And thus, the obsession grew. Soon, Clement and McKenzie were playing gigs to not only regular music comedy fans, but card-carrying members of Tolkien Societies across Middle-earth. Periodically, groups of Frodo-loving aficionados would approach them before and after shows, showering them with flatteries and getting just a little too close for comfort. If one innuendo-spouting compulsive fan is scary enough, just imagine a whole roomful of marauding Mels. â€œSometimes people would come to the show and start shaking and all that stuff,â€ says Clement, smiling, â€œwhich I must say is totally unreasonable. You feel like youâ€™re inflicting harm on these poor people, but youâ€™re just a normal personâ€¦ We based Melâ€™s character on these types of situations.â€
As if the creation of such an entertaining character as Mel isnâ€™t worth a few awkward moments backstage, McKenzie soon became the envy of wannabe-sprites everywhere. While visiting Scotland for the Edinburgh Festival, McKenzie was actually invited to a luncheon held by the local Tolkien Societyâ€”an event he not only attended but where he also agreed to wear standard-issue prosthetic elf ears. Catching wind of the frenzy surrounding his character in the first film, which wasnâ€™t even cited in its credits, the powers that be gave McKenzie a follow-up role in the final film of the Lord of the Rings trilogyâ€”and this time, the elf had game. â€œDuring the part where the elves were escaping through the forest, I tell Liv Tyler, who plays Arwen, to hurry up,â€ says McKenzie. â€œBut, she wasnâ€™t even there on setâ€”I was talking to a ladder in front of a green screen. I guess sheâ€™s just a very busy person.â€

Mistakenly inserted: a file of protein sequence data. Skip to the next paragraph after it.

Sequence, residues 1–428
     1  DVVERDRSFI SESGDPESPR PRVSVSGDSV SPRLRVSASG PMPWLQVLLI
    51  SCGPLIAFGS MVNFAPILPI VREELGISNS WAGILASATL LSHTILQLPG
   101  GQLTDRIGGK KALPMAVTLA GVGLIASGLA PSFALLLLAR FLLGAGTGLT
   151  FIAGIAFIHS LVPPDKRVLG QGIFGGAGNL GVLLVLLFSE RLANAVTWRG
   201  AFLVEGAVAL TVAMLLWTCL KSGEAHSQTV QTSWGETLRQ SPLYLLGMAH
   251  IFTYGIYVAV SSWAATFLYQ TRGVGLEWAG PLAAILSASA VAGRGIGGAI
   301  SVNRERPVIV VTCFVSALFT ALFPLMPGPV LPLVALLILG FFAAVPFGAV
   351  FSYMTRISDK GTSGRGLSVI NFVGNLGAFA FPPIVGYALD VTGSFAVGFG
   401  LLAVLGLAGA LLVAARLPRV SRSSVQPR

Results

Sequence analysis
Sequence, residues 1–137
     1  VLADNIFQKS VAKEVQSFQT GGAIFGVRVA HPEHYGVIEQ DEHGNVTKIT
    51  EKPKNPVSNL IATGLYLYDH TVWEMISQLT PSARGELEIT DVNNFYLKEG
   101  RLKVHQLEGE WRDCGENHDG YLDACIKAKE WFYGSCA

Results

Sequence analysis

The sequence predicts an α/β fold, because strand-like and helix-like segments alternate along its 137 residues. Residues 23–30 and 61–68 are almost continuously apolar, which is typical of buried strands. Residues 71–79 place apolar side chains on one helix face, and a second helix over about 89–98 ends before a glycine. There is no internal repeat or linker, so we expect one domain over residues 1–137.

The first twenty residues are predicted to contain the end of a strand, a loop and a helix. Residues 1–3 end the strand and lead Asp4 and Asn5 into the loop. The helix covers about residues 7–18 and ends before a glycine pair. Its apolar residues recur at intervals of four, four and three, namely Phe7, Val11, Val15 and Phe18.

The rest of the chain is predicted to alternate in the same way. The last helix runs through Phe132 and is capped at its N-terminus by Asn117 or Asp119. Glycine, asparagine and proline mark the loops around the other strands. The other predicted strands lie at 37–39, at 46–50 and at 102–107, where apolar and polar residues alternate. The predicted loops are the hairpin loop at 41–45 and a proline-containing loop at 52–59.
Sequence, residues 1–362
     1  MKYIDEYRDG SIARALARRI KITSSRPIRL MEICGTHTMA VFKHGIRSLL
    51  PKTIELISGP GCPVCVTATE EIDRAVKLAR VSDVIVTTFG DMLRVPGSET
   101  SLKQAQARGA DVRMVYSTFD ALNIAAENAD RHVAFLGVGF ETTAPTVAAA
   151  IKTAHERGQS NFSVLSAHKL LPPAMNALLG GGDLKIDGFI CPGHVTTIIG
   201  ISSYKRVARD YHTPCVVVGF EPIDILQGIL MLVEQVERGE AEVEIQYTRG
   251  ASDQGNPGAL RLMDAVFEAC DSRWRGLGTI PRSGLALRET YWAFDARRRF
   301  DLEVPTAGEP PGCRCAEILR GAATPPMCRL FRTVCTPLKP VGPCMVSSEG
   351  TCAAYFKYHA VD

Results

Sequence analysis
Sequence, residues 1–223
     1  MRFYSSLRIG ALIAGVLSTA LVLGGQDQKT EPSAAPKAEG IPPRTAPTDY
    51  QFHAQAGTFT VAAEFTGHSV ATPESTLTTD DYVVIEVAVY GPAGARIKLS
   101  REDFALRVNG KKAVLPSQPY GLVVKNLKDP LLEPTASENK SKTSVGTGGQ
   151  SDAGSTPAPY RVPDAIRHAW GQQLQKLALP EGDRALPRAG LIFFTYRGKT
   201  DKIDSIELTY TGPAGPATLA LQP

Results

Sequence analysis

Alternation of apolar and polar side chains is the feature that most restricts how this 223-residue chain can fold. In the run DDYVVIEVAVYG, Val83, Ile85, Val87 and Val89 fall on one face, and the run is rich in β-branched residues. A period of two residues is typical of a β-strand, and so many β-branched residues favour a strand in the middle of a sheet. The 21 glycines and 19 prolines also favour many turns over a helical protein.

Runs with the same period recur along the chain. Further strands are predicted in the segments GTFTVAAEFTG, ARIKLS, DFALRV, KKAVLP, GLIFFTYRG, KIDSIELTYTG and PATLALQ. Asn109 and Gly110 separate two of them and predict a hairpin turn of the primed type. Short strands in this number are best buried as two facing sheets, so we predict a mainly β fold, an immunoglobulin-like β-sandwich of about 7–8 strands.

You donâ€™t have to be the princess of Aerosmith to maintain a demanding schedule. Already diligently working on the second season of the HBO series, the band is releasing yet another album of funny-pop hits this spring. Not even a year following their EP, Clement and McKenzie return with a self-titled album of 14 songs that all made cameos during the first season of the show. While the latest installment contains three tracks that appeared on the previous record, all the songs are expertly refined versions of those that graced the television show in all their quirky grandeur. Produced by Mickey Petralia, who helped fashion Beckâ€™s vibrant, light-hearted opus Midnight Vultures, and nurtured by the folks at major-indie label, Sub Pop, the latest record offers a fresh approach to musical comedy by delivering high production value and eclectic instrumentation. The new tunes are not only good for a chuckle, but for a serious listen as well. Tromping over genres and anecdotal humor with ease, Flight of the Conchords is everything you ever hoped for in a musical comedy album, but until now, always dismissed as the impossible. â€œWe strived desperately to make the recordings successful,â€ McKenzie says. â€œEarlier there was more attention to the comedy, but in the studio, a lot of time went into trying to play things well.â€